East Journeys to West

Part of our new play Journey from the East was inspired by the 423-year-old saga Journey to the West, one of the Four Great Classical Novels of Chinese Literature, and attributed to Wu Cheng’en, a novelist and poet of the Ming Dynasty in the latter half of the 16th century. It tells the story of the pilgrimage made a thousand years before by a real historical person, the Tang dynasty Buddhist monk Xuanzang, who traveled to India in order to bring back sacred writings — called “sutras” in Sanskrit — to the Emperor. Having accomplished his mission, Xuanzang wrote an account of his adventure, Great Tang Records on the Western Regions.

Chinese Pilgrims on the Journey to the West

In the novel, the Tang Monk is joined along the way by a quartet of demi-gods — Sun Wukong (Monkey), Zhu Bajie (Pigsy), Sha Wujing (Sandy), and Yulong (Horsey) — who are supposed to be his protectors as well as his companions, but as often as not get the whole group into trouble. Along the way, the band of pilgrims is attacked by dragons, held up by ghosts, obstructed by a river 300 miles wide, and lured into plots between local rulers and their subjects. However, with the help of Guanyin, the goddess of compassion, their quest eventually succeeds.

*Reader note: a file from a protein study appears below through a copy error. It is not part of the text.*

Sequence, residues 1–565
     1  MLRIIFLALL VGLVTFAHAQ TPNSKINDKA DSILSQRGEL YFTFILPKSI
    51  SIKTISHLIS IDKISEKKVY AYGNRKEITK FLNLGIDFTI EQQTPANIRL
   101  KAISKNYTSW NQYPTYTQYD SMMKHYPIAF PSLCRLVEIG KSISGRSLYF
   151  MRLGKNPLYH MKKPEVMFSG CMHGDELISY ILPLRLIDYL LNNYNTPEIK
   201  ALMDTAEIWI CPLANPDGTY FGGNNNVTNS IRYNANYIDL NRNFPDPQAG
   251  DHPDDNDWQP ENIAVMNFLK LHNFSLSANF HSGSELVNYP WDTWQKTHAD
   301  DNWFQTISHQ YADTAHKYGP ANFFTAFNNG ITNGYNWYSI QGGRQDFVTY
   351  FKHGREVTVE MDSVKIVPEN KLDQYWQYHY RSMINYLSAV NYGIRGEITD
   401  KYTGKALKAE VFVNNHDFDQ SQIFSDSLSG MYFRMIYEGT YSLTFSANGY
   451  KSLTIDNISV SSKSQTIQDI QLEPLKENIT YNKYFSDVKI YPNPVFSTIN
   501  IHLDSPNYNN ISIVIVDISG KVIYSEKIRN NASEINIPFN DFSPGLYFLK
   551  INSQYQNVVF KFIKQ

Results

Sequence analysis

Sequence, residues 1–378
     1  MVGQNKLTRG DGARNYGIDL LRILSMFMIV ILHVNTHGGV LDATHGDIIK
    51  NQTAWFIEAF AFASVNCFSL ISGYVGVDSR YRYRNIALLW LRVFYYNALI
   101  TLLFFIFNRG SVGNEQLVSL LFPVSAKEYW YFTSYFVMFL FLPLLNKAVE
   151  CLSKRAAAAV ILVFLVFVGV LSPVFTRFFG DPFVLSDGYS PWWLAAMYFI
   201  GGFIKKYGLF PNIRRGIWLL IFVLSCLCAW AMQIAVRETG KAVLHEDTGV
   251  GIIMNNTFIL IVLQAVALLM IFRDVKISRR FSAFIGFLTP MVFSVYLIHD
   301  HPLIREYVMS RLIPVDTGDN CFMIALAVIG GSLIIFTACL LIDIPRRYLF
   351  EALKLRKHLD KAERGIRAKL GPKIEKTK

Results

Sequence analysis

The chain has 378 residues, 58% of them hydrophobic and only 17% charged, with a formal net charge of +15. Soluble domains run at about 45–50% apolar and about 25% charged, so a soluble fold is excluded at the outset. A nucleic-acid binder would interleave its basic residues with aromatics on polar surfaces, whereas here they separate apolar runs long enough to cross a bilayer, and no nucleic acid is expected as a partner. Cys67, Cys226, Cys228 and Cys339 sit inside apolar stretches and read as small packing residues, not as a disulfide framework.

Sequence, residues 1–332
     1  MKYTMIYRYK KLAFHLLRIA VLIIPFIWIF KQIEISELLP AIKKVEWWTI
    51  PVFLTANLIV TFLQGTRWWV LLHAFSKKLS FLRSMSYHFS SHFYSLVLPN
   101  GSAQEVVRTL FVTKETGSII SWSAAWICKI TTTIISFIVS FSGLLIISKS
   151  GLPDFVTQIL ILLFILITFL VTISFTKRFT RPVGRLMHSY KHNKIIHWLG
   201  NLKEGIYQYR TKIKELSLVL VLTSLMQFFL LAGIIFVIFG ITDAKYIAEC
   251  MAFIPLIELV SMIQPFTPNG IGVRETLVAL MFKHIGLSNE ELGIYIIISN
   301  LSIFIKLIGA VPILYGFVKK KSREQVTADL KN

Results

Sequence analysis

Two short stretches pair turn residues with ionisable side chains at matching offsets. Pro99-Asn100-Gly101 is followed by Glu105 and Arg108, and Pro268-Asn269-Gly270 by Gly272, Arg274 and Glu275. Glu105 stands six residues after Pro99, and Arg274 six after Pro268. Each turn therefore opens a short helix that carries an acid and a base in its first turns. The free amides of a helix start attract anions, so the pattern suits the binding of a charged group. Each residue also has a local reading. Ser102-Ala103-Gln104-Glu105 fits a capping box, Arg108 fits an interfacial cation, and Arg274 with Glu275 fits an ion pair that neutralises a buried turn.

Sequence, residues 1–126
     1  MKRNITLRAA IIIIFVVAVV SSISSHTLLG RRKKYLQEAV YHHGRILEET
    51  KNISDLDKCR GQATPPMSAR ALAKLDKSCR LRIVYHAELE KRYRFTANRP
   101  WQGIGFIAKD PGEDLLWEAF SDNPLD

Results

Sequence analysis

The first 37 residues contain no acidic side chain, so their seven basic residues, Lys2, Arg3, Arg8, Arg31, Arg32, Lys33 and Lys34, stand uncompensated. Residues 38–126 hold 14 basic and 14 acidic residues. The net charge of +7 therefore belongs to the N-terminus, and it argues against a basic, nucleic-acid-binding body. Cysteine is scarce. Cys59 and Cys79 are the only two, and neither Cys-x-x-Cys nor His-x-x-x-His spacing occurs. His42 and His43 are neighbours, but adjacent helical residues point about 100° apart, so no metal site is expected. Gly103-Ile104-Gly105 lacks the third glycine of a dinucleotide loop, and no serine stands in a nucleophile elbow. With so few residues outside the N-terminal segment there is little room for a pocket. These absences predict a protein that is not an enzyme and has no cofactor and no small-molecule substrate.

But that’s only part of our story: you’ll also see a Wild West mining town fallen on hard times, complete with a reformed gunslinger, an apocalyptic preacher, and the inevitable wise old-timer and the saloon proprietress with a heart of gold — all of them threatened by a sinister Chinese millionaire who wants all their land.

And that’s just before intermission!

Stay tuned for details…

BBly

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